Monday, September 24, 2007

Trois couleurs: Bleu by Krzysztof Kieslowski

"Blue", the first movie in the Three Colors Trilogy by the Polish director Kieslowski, is, in the words of the director, about the liberty of "life itself". The three colors, Blue, White and Red, are the colors in the French flag, symbolizing respectively Liberty, Equality and Fraternity.

The motion picture "Blue" is a subtle masterpiece of cinematography and is, in essence, an enquiry into freedom from one's past, so that life again has a chance to function without being repressed. Social, cultural and economic freedom is not the subject of this movie and those freedoms are assumed to be present.

The film begins with a car speeding down a highway, through tunnels and through nights, and is a metaphor for life itself. The landscape is merely a blur, which is an apt commentary on the self-immersion of the modern human being. This emphasizes that this will be a personal story, that the story will not have a big canvas.

The car stops by the side of the road, and we see something dripping on a pipe in the innards of the car. Not all is well inwardly, even though the car is outwardly shiny and modern. No matter what seeming perfection is achieved by technology and civilization, the possibility of faultlines always exists, and that is why even in the most advanced societies, human tragedies continue to happen. No system can take away the inherent fallibility of the natural world. It is also an apt metaphor for troubles which exist in our unconscious, which are not visible to us, which we have no way to examine, which exist unknown to us.


It is an extremely modern motion picture. Almost everybody is economically free and secure, even a streetside flute player who sleeps on the pavement has no fear of his flute getting stolen when he takes off for a night, leaving his flute behind.

In this milieu of freedom and aloneness and security and anonymity, where affairs can go on without anyone noticing, where nobody knows where you live, and nobody asks, where you have no real friends, and violence, birth and death are seen coldly, with detachment, there is a certain aseptic sterility to life. This is a very "cold" movie, accentuated by the proliferation of the colour blue throughout.

A woman who works as an erotic dancer and as a prostitute is free to do what she pleases in life. There is a threat to her freedom, but in a very modern statement, the threat, unless it is unanimous and endorsed by all, is not valid. This is the freedom to be unpopular, and not the democratic freedom of the twentieth century. But her freedom is deceptive. She can't sleep alone, by herself, and is tormented by the sight of her father at the erotic dance bar.

The unrelatedness of the inmates of the apartment complex is striking. Nobody really knows anybody there. The self-immersion is brought into sharp focus when a helpless man, being kicked by thugs, knocks on many doors but none opens. Like Julie, everybody must have been awake, but nobody chooses to open their door. When in trouble, we have nowhere to turn to. We expect the system to take care of sorrow and loneliness, but that never works. The mother of Julie is probably living in some retirement community, and she spends her time watching adventure sports on TV. The sterility and dispassion of the world makes people indulge in bungee jumping and drag racing just to get their blood to flow, for their blood to turn red from its bluish lack of life.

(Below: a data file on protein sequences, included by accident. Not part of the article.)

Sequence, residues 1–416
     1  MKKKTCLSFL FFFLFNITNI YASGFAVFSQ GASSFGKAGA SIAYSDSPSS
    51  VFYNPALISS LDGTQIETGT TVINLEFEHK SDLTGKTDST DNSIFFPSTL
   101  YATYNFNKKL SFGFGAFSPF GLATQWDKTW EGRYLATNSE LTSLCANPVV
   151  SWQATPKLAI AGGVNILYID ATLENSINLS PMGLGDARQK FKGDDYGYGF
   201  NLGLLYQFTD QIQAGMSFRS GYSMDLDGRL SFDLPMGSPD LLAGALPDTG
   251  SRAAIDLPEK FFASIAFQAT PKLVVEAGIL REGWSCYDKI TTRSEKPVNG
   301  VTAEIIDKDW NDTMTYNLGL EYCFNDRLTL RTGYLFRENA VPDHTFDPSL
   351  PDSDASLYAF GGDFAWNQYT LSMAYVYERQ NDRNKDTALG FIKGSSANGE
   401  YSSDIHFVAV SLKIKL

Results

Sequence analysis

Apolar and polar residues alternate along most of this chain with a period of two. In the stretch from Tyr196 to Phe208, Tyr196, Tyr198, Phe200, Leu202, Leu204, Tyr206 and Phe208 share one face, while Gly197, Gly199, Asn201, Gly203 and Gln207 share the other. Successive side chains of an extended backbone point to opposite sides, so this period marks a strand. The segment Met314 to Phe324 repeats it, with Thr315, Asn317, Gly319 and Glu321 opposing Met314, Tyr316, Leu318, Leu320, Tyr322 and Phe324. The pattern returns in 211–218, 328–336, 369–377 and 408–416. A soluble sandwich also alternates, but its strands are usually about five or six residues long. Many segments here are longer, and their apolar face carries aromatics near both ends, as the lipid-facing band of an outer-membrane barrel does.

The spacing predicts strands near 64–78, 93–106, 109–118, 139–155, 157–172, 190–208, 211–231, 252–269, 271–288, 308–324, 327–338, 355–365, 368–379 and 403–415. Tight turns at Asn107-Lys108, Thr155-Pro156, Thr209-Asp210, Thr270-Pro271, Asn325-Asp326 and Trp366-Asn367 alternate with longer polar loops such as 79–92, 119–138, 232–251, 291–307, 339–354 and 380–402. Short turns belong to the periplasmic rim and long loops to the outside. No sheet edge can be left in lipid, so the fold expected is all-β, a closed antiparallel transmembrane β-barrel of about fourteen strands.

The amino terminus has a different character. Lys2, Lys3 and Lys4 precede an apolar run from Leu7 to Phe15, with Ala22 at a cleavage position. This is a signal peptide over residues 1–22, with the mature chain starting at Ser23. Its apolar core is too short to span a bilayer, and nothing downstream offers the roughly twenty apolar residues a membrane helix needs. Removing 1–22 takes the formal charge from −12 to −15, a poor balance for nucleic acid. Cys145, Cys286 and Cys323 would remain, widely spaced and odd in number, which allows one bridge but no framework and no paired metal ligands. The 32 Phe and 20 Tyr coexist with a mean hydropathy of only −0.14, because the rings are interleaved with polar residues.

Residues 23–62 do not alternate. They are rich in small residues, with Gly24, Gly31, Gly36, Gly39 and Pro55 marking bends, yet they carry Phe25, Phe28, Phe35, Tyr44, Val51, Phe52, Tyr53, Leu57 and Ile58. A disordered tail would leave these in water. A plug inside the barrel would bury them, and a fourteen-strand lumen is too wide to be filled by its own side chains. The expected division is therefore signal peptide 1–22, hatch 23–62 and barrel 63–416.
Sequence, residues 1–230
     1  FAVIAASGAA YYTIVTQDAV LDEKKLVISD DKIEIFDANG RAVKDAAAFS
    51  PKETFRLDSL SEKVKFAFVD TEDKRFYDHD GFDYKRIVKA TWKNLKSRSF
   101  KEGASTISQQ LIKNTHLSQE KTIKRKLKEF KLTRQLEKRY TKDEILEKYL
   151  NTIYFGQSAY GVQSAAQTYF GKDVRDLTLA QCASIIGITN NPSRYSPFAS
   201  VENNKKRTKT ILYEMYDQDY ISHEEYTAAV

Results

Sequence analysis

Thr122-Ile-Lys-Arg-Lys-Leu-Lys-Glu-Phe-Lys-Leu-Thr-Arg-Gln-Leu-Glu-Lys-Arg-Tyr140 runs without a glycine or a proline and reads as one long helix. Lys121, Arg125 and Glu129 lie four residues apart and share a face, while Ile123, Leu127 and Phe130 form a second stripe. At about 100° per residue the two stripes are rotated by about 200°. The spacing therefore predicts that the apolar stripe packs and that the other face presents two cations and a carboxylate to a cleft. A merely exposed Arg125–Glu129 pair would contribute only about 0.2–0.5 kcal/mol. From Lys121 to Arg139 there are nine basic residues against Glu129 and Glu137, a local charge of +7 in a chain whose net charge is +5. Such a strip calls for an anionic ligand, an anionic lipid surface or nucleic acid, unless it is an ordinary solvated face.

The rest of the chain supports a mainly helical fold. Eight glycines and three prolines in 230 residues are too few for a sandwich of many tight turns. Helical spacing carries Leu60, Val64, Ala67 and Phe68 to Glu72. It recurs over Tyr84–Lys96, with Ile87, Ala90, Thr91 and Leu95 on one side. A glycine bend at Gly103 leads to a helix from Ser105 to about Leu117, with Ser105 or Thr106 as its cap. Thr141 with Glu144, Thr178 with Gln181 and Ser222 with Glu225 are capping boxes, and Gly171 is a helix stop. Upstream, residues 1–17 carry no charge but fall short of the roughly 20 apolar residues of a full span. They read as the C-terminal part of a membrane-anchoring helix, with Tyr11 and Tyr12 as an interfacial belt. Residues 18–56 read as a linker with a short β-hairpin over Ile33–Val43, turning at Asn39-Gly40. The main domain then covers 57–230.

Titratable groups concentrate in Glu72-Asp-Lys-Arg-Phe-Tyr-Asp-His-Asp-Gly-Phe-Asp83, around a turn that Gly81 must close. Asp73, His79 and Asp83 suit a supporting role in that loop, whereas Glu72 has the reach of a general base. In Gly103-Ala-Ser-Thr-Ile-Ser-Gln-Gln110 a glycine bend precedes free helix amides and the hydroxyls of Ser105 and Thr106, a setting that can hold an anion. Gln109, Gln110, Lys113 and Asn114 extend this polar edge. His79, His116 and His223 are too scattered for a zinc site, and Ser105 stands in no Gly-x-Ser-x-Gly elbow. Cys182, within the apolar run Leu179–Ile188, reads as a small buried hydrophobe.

There is a boy who is spending his time playing with a balancing toy, and just as he manages to balance it, something much bigger crashes nearby. He is alone, and he also searches for Julie, to return her necklace. But Julie doesn't take it, it is worthless to her now. And he , in love of her, wears that feminine necklace on his neck. We live with our memories and the symbols of past or imagined happiness when we are alone. Julie has a lover, who keeps a discarded mattress on which he first made love with her. As long as we have a symbol of a relationship, the relationship is alive, if only in our hearts. That is why Julie, to start a new life, sells or throws away everything she owns, except a blue hanging lamp. She tries to destroy it first, by pulling on one of the strings. But keeps it in the end. It is this last remnant of her old life which keeps her alive, it is as if her life is in those blue crystals. Why does she keep that memento? What does it signify?

We are always afraid to completely let go of something, and there is a part of us which can never completely get over any experience in our lives, we never seem to die in our lives, we are shaped by what we have been. Julie is alone, she is determined, but she keeps a vestige of her past with her. As the Zen koan says: "A bull crashes through a window. Its head, body and legs come crashing through, but not its tail. Why?"

(to be continued)

Recommendation: Must see.

1 comment:

Katarzyna said...

Quality review and some really deep thoughts...Thank you for that..."Blue" has always been a sort of a mirror I would watch myself in and reflect on...
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